A Biblical Guide to Marriage Licenses


Author:Valerie Tarico

Emphasis Mine

Goats? Zombies? Your mother’s uncle’s wife? Test your knowledge of 19 Iron Age do’s and don’ts.

Some folks believe that America should be subject to biblical law rather than constitutional law, that public servants— like Kentucky clerk Kim Davis—owe their highest allegiance to the Bible, which means they shouldn’t be forced to give out unbiblical marriage licenses—like to gay couples.

The issue, obviously, is contested by a host of liberals, secularists, Satanists and moderate Christians. But assuming that Bible believers and religious freedom advocates carry the day, public servants will need to know their Good Book. I have written elsewhere about biblical justice (If the Bible were Law Would You Qualify for the Death Penalty? and Bible vs Quran—Test Your Knowledge of Who Deserves Death in Which Religion), and readers found those lists illuminating. So, I thought folks might appreciate the following 19 item quiz, which can be used to screen applicants for county clerk positions or as a guide for those already working the job.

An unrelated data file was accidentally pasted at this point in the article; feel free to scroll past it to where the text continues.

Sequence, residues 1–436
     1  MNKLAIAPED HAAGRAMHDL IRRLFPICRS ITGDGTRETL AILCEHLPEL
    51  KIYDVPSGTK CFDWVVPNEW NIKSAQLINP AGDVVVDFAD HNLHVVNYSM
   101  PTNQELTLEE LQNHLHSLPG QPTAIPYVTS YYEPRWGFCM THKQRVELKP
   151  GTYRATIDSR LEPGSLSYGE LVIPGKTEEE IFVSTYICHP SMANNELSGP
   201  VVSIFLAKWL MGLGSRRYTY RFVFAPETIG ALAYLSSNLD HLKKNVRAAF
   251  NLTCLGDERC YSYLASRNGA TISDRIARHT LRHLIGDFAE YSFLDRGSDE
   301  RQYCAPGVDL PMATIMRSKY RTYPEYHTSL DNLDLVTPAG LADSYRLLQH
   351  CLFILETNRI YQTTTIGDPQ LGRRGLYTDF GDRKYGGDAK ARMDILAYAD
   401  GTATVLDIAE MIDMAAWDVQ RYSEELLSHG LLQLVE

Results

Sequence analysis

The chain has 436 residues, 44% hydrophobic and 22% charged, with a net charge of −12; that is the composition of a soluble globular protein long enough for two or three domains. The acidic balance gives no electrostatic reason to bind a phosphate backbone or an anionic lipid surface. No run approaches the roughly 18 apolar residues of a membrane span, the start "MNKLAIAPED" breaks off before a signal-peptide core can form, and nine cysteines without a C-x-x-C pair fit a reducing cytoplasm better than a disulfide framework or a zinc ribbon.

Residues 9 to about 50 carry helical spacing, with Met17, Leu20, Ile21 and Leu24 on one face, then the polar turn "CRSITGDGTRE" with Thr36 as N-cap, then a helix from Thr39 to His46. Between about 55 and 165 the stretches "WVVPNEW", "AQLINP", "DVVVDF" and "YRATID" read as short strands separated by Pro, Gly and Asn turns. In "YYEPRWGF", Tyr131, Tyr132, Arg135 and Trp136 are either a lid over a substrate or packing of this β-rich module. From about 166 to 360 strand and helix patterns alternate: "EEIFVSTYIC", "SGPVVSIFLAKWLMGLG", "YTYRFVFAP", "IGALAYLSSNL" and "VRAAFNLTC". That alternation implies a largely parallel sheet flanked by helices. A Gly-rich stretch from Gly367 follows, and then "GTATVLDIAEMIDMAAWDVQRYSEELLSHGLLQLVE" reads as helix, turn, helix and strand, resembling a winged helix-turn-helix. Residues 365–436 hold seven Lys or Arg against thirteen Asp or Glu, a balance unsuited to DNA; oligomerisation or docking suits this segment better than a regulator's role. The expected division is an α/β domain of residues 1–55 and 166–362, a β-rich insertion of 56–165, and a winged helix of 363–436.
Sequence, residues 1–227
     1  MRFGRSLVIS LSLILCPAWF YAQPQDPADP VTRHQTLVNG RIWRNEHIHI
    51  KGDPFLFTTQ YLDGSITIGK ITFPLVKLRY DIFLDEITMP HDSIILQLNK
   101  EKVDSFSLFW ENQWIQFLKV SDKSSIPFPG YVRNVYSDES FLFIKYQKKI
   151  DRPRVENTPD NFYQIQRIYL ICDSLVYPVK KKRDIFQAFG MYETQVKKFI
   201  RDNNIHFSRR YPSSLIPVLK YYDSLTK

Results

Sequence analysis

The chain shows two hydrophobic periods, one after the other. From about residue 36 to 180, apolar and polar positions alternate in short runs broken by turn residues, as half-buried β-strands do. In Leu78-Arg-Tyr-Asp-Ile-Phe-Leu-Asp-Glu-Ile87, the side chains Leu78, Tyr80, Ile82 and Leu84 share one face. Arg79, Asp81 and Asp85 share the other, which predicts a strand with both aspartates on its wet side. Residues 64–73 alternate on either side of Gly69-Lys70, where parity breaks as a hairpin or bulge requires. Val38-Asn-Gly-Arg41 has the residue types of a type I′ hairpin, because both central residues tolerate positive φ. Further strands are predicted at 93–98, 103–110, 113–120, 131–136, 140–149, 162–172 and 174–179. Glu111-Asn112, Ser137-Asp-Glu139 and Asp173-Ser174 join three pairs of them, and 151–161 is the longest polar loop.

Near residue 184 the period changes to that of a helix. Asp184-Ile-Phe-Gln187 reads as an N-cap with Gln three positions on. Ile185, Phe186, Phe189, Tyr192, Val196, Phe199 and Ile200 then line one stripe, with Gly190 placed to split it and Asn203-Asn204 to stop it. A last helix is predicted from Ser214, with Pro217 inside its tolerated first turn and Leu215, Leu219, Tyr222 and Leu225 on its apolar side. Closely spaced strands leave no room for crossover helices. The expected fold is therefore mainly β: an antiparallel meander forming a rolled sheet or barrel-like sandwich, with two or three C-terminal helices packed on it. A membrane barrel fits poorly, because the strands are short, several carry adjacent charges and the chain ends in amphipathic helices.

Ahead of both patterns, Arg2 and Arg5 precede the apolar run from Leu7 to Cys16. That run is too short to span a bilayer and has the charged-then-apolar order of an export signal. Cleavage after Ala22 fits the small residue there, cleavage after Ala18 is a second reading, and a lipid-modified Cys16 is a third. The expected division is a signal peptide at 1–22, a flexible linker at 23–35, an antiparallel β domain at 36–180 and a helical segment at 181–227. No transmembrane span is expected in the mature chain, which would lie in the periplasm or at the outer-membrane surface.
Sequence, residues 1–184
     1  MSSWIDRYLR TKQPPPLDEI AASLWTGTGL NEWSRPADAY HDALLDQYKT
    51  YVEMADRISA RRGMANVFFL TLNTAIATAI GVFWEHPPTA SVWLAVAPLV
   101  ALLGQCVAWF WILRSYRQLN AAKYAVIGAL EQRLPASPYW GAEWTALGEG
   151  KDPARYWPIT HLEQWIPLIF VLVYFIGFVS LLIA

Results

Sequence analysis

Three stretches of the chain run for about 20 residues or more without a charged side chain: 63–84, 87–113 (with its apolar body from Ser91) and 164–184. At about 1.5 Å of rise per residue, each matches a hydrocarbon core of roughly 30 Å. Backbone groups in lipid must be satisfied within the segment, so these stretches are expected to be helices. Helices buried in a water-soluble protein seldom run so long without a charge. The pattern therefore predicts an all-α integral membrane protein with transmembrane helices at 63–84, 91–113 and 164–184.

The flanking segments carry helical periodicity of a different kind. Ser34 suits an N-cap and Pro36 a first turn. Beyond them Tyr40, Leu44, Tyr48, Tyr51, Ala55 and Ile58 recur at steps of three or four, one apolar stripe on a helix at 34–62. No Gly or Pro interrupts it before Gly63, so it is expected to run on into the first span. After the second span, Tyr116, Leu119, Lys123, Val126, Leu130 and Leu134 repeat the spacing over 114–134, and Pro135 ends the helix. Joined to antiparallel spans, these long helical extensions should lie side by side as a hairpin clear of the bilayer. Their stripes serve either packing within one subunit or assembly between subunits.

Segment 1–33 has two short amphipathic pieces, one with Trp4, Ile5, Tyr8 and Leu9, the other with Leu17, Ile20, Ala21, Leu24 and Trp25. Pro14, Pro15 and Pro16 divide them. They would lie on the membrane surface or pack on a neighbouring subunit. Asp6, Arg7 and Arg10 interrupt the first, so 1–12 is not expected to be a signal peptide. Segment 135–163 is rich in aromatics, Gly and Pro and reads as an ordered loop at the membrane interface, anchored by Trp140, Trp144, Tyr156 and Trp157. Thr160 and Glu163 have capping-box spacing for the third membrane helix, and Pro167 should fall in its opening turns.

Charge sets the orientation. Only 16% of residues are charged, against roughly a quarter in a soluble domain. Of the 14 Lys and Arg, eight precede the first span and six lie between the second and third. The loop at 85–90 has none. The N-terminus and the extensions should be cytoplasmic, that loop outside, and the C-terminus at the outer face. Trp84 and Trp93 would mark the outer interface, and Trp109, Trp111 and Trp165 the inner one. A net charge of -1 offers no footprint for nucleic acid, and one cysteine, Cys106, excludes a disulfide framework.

If Kentucky issues only biblical marriage licenses, to which of the following couples should a county clerk grant a license?

  1. A man with a consenting woman, but without her father’s permission.
    No. Numbers 30:1-16 teaches that a single woman’s father has final authority over legal contracts she may enter.
  2. A man, a nonconsenting woman, and her father.
    Yes. According to the Law of Moses a female is male property, as are slaves, livestock, and children. (See Exodus 20:17, Exodus 21:7). Her father can give her in marriage or sell her to a slave master. Female consent in the Bible is not a prerequisite for marriage or sex.
  3. A married man and three other women.
    Yes. The Old Testament endorses polygamy, and the New Testament does not reverse this—except for church elders (1 Timothy 3:2). (See Biblicalpolygamy.com)
  4. A childless widow and her husband’s reluctant brother.
    Yes. Genesis 38:8-10 makes it clear that a man has a responsibility to seed children for his deceased brother. In the Gospel of Matthew, Jesus doesn’t alter the tradition but does say it will no longer apply in heaven. (Matthew 22:24-28)
  5. Two men.
    No. Leviticus is clear. Two men having sex is an abomination, just like eating shellfish, getting tattoos, shaving your beard, or wearing blend fabrics. (Leviticus 18:22, 20:13, 11:9-12, 19:28, 19:27)
  6. Two women.
    No, not even with their fathers’ permission. Paul’s epistle to the Romans (1:26) says that this is degrading and unnatural.
  7. A man and a divorced woman.
    No. Unless her husband divorced her because he found out that she wasn’t a virgin when they married, anyone who marries a divorced woman is committing adultery. A marriage license in this case would be an adultery license. (Matthew 5:32, Matthew 19:9)
  8. A woman and a divorced man.
    No. A man who divorces his wife and remarries is committing adultery. (Luke 16:18)